Gotama Buddha pointed out and cleared the way of liberation from the
rounds of birth. He taught the
techniques of mental development to attain that liberation.
Samatha, a practice of mind
concentration, eliminates distractedness, establishes one-pointed and
concentrated mind, and leads to tranquility.
Vipassana, a meditative
practice aiming for the highest form of mental development, offers insight into
the true characteristics of phenomena and the attainment of liberating knowledge
In Burma, many meditation centres offer various methods of mental
development employing the techniques set forth in the Maha-Satipatthana
Sutta, a discourse by the Buddha on these subjects.
On account of its proven efficacy and appropriateness to modern man,
there is now growing interest in a technique which had been practised by the
late Sunlun Gu-Kyaung Sayadaw, the Abbot of the Cave Monastery of Sunlun.
This technique was wrought by the Abbot in actual struggle to win the
final fruits of vipassana practice.
It was found to be in conformity with the principles which are at the
core of Buddhist vipassana practice.
Two characteristics of Sunlun are its employment of sensation as the object of meditation, and the intensity of practice. The
adoption of sensation was never the result of a deliberate intellectual choice.
It arose naturally as an organic part of the actual practice.
But now it is possible to understand why sensation contributes towards
the efficiency of the method. Sensation
lies at the intersection of mind and matter.
As such, it is the best object of meditation to help the yogi, the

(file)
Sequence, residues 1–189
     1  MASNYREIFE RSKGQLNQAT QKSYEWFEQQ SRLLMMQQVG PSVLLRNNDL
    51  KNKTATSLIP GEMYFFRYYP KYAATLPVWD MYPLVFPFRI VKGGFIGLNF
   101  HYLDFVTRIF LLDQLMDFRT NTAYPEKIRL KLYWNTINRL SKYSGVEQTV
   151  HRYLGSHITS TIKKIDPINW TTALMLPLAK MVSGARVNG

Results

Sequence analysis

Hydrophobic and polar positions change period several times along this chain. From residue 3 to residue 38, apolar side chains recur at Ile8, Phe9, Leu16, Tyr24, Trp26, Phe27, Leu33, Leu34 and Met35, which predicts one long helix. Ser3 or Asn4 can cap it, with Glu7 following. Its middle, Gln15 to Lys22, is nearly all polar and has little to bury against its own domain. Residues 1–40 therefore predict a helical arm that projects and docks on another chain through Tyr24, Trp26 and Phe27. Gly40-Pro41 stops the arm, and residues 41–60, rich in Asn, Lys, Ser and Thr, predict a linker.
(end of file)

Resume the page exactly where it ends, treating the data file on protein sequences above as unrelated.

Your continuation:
meditator, in establishing mindfulness of the body, of sensation, and of
consciousness, namely kaya-nupassana, vedana-nupassana,
It does so because it is at the root of all these stations.
It is the non-mnemonic element in perception and does not depend upon
habit, memory and past experience. Therefore,
it is closest to the requirement of vipassana
which avoids the concepts which are the basis of habit, memory and mnemonic
Sunlun calls for intensity of practice.
It asks the meditator to generate the necessary zeal, ardour, energy and
effort to break the bonds of attachment to the illusive sense of an “I”.
It should be clearly understood that the four
foundations of mindfulness cannot be established in a leisurely manner.
This age, perhaps more than any other, demands unflinching effort on the
part of the yogi who would wish to make significant progress in the practice of vipassana.
This book contains five pieces on the fundamental aspects of the Sunlun
way of mindfulness. The first and
last constitutes a translated sermon delivered in Rangoon (Yangon) by Sunlun